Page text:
Increasing rail transport will have a significant impact on achieving the emissions reduction targets, and so the European Union is pushing hard to streamline rail transport across Europe. The aim for the future is that trains would operate smoothly across country borders – within a single European railway area:
“The idea is that train traffic would operate as smoothly as air traffic, where flight captains talk to each other effortlessly in English, fly without effort in the airspace across country borders and land without any technical challenges,” says Juha Lehtola, Project Manager at the Finnish Transport Infrastructure Agency and the Digirail client.
Rail transport is highly regulated and currently the transport mode still largely relies on national railway systems. Now the EU is trying to steer countries in the same direction by means of regulation. This will also have an impact on the Digirail project.
We hope that in March 2023, under the coordination of the European Union Agency for Railways (ERA), a new version of the Communication, control and signaling system’s Technical Specification for Interoperability (CCS TSI) will be published. It will control what kind of safety devices, i.e. equipment, that ensure that trains run on the line at the right speed and at a sufficient distance from each other, can be used in European train traffic.
The previous version of CCS TSI regulation dates back to 2016, and the new version was originally scheduled to be released in January 2022. The delay in the document has slowed down the definition work for Digirail, and this has resulted in minor scheduling challenges regarding the system procurement for the first phase:
“In practice, we know what the regulation will contain, but equipment suppliers want to see the official decision. If the decision would have been released in time, we would have started purchasing the systems already six months ago,” Juha says.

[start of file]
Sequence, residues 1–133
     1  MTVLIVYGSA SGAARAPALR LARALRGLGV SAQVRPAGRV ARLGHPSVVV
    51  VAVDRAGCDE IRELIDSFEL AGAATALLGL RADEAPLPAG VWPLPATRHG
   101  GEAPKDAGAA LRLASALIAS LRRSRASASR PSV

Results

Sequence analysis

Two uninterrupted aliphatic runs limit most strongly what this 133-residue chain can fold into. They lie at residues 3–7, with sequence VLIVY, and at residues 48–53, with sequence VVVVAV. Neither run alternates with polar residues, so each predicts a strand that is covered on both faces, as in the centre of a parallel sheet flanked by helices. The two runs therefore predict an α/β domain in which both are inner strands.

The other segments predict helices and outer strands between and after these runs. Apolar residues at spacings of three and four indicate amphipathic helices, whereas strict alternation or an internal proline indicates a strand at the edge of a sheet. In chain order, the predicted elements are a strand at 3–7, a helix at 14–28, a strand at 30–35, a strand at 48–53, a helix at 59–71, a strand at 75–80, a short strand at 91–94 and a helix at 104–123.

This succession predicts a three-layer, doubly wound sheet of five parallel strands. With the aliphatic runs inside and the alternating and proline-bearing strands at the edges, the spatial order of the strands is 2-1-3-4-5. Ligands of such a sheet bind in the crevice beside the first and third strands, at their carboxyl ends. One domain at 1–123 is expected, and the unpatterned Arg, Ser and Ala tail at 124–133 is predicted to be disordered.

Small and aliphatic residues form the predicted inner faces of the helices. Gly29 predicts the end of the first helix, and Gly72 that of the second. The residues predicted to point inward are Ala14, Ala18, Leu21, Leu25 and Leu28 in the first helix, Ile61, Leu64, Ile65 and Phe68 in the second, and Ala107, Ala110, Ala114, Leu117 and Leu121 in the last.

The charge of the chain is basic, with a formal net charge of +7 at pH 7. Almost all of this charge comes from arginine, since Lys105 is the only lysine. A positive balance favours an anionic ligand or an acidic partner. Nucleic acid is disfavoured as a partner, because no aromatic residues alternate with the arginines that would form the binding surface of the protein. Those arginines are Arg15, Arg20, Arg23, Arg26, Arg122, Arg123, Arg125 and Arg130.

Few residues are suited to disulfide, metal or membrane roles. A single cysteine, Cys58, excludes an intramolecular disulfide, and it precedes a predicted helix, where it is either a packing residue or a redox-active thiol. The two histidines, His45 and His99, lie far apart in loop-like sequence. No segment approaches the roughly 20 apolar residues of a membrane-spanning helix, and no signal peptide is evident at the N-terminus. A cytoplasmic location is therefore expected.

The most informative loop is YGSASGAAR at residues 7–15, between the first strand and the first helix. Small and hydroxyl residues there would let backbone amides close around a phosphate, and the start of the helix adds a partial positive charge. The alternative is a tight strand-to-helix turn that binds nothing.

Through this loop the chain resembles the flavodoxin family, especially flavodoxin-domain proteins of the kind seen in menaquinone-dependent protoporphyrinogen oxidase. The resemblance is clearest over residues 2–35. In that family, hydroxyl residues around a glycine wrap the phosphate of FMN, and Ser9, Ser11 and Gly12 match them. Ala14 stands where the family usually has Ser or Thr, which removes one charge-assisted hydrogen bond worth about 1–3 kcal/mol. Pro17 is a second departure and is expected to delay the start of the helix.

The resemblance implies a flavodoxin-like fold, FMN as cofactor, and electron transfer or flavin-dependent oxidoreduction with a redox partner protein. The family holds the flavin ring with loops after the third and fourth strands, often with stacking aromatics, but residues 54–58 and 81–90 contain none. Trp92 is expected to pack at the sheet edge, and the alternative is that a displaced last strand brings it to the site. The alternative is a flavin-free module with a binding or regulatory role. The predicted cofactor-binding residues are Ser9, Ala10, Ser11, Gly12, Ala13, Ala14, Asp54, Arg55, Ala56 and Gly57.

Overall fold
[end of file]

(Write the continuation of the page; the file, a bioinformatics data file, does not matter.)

He wants to emphasize that sometimes decisions regarding Digirail are not in the hands of national decision-makers – some of them are dictated by the European Union. If we want to influence decision-making in the European Union, we must do so years before the decisions enter into force.
Finland also has a lot to gain in European train transport
The Baltic Sea lies between Finland and Central Europe, and crossing the sea will not be resolved by increasing train traffic, but in the future, train travel from Paris to Berlin will perhaps be just as easy as from Tampere to Helsinki, and freight traffic will run more smoothly than before.
Juha notes, however, that the EU’s ambition is not yet quite reflected in regulation:
“At the same time, the EU wants to ensure that the old equipment in southern Europe will remain in use and, on the other hand, to also promote the adoption of the latest, agile technology. At times, regulation is also too detailed,” he says.
However, Finland may have a lot to gain in the process. For example, for a long time we have developed a radio-network-based ETCS train control solution, and we can sell this expertise to other European countries that need to upgrade their train control to the European Rail Traffic Management System.
And, of course, with Digirail, Finnish train transport is also taking a big leap forward:
“We are aiming for a transport solution where people and goods move in an agile manner, using various transport modes, from Helsinki all the way up north to Kolari. To assist them, they have applications that take advantage of the interface we provide”.